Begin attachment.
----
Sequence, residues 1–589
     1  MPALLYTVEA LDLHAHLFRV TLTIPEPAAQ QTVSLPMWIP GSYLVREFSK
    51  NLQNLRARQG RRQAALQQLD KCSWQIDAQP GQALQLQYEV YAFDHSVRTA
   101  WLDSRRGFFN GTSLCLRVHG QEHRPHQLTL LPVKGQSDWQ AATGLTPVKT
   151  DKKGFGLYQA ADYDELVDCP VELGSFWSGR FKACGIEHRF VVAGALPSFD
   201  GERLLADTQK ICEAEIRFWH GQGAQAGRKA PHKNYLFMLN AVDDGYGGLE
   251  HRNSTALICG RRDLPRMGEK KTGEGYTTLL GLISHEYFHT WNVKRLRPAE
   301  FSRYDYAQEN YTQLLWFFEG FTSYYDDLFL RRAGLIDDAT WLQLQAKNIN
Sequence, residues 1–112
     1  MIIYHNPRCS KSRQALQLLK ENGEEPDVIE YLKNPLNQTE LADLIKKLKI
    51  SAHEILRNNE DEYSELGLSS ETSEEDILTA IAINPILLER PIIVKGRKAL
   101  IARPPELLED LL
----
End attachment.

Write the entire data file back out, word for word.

Sequence, residues 1–589
     1  MPALLYTVEA LDLHAHLFRV TLTIPEPAAQ QTVSLPMWIP GSYLVREFSK
    51  NLQNLRARQG RRQAALQQLD KCSWQIDAQP GQALQLQYEV YAFDHSVRTA
   101  WLDSRRGFFN GTSLCLRVHG QEHRPHQLTL LPVKGQSDWQ AATGLTPVKT
   151  DKKGFGLYQA ADYDELVDCP VELGSFWSGR FKACGIEHRF VVAGALPSFD
   201  GERLLADTQK ICEAEIRFWH GQGAQAGRKA PHKNYLFMLN AVDDGYGGLE
   251  HRNSTALICG RRDLPRMGEK KTGEGYTTLL GLISHEYFHT WNVKRLRPAE
   301  FSRYDYAQEN YTQLLWFFEG FTSYYDDLFL RRAGLIDDAT WLQLQAKNIN
Sequence, residues 1–112
     1  MIIYHNPRCS KSRQALQLLK ENGEEPDVIE YLKNPLNQTE LADLIKKLKI
    51  SAHEILRNNE DEYSELGLSS ETSEEDILTA IAINPILLER PIIVKGRKAL
   101  IARPPELLED LL